They had a son.

For one week, they had a baby boy, his tiny, broken body beautiful even through the tubes and wires.

"I think he'd like spies. Like his namesake."

They had jokingly argued about names from almost the moment the test came back positive. Lists had been made, overflowing with ideas both serious and silly. Once they'd found out it was a boy, it got even worse. Brutal cuts and fierce debates had left them with a final selection of five possible choices, three of hers and two of his.

But sitting in her wheelchair next to the incubator, watching her husband pet their son's downy hair with one finger as he whispered words of love and encouragement to him, she had known. All the bickering and bets had been in vain. There was only one name for their son.

Ian Richard Castle took his last breath cradled between the bodies of his parents, one tiny, perfect hand wrapped around his father's pinky.

"Maybe pirate spies then," he offers and Kate chokes on a watery laugh.

"The best of both worlds."

A long silence fills the space where all their words used to be and then she hears him whisper. "The best of both of us."

Yes. The best of both of them.

And when he went, he took it with him.

Tears form in the corner of her eyes and Kate makes no effort to hold them back. They travel well worn paths over her cheeks, gathering in the hollow between her collarbones. He used to kiss her there, drinking at the pool of her sadness until he couldn't anymore. Until the weight of their combined grief and anger brought him to his knees in surrender.

"He had your eyes," she sniffs, bottom lip trembling.

"They would have changed," he argues for the hundredth time.

"No," Kate insists, needing him to stop fighting her on this. She knows. A mother knows. "He had your eyes. When I see him - When I dream him, he still has them. Wide and blue and kind. Full of laughter. Love."

"Kate." The anguish in his voice cracks her chest open. "I can't -"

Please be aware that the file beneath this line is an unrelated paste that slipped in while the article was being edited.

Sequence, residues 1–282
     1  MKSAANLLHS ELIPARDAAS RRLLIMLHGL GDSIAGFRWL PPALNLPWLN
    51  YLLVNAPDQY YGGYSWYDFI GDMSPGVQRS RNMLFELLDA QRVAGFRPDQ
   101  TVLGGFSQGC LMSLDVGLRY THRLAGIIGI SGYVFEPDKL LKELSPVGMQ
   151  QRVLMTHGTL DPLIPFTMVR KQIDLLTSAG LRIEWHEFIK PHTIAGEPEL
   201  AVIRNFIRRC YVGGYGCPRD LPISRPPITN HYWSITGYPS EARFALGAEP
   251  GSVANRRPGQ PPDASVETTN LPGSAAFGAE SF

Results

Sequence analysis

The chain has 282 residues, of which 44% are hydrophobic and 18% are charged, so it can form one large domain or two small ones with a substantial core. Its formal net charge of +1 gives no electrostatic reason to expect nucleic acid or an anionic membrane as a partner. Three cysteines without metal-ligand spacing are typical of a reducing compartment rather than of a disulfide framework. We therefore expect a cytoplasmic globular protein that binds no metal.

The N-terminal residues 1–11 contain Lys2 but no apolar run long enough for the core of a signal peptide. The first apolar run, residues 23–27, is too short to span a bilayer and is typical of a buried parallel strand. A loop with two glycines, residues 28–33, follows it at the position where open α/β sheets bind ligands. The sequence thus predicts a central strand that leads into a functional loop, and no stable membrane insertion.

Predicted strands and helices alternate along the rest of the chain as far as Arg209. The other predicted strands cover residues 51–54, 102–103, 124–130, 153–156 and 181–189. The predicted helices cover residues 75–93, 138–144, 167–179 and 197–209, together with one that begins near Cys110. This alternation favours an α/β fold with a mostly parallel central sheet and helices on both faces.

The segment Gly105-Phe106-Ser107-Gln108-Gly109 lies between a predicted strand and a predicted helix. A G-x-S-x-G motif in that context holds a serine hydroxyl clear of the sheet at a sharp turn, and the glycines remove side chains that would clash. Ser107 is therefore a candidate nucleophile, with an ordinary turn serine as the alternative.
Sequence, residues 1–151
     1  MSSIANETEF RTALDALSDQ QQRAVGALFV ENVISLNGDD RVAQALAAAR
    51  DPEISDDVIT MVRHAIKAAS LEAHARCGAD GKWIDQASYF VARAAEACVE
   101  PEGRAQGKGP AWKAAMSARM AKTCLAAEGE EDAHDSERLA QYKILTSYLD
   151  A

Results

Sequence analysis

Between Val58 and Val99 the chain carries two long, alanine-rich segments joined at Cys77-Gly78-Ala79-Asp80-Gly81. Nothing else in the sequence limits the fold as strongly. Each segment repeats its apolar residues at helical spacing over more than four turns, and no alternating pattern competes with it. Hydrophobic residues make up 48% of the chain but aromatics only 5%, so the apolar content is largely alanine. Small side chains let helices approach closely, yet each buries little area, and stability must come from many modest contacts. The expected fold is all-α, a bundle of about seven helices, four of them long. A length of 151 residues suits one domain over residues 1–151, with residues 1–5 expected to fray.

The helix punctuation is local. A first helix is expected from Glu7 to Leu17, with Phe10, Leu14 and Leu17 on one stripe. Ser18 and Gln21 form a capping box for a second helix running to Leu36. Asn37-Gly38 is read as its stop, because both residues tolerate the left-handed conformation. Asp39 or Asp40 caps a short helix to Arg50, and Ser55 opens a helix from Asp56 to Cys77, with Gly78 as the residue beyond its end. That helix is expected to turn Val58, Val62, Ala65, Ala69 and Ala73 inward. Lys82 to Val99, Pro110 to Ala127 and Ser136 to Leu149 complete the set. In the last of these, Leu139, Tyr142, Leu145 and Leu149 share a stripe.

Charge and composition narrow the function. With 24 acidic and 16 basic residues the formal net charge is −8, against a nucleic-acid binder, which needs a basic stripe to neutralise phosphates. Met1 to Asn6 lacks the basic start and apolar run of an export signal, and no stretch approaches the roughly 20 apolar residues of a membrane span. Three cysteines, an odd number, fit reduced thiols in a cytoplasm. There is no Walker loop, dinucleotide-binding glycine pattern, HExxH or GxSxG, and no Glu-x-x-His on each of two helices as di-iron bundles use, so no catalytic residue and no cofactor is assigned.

"I miss you," she whimpers, all of it pouring out of her now, all the things she works too hard to keep inside, to forget and ignore. "I miss you, Rick. I miss him and I miss you."

"I know." The hollowness in his voice makes her ache. He used to speak to her with so much warmth and love. And now - Now they're this. "I miss you too, Kate. But I can't."

"I know," she repeats, giving his words back to him. They've been here too many times. He can't live in the wreckage of their loss and she - She can't find her way out. "I know."

"I'm sorry," he whispers, voice cracking. "I want -"

"Me too," Kate breathes when he stalls out.

They both want so many things. Things they can't have. Peace. Each other. Their son.

"I should let you get back to sleep," she says, fingers clenching tight around the phone. "It's late."

She hears him shift, the leather of his office chair squeaking. "I'm awake," he says and her heart flutters. "I'm here. I'll stay right here, Kate."

She shouldn't let him do this. Shouldn't take his comfort. Not when she knows that she'll wake up on this couch tomorrow with a crick in her neck and a fresh ache in her heart. But she's selfish. Always has been when it comes to him. She'll take what he's offering her and tuck it deep inside her chest, let the warm glow of what they used to be carry her through until it starts to flicker and fade. Until she ends up right back here, empty and alone and aching for what she can no longer have.

"Okay," Kate whispers, letting her head fall to her shoulder.

She listens to the sound of his breath and her eyes slip closed. If she stays still, her own chest barely moving, she can almost make herself believe. Believe he's there with her. Believe that she'll wake up in the morning and things will be different. Believe that one day, in some distant and sunny future, she'll be happy again. Whole.

Sleep tugs at her and Kate curls against the back of the couch, phone tucked between her head and the cushion. Her wedding band hangs loose around her finger and she brushes the worn metal with the pad of her thumb, timing the strokes to the beat of her heart. Slow, steady breaths fill her ear and she sinks into it, gives herself over to the bone-deep exhaustion. She's teetering on the edge, about to slip over when the pattern breaks.

"I love you, Kate."

The corners of her mouth curl up and she falls.

Thank you for reading. Your thoughts and comments are always appreciated.

Once again, a big thank you to Kate for reading this over and scolding me about contractions. Much appreicated.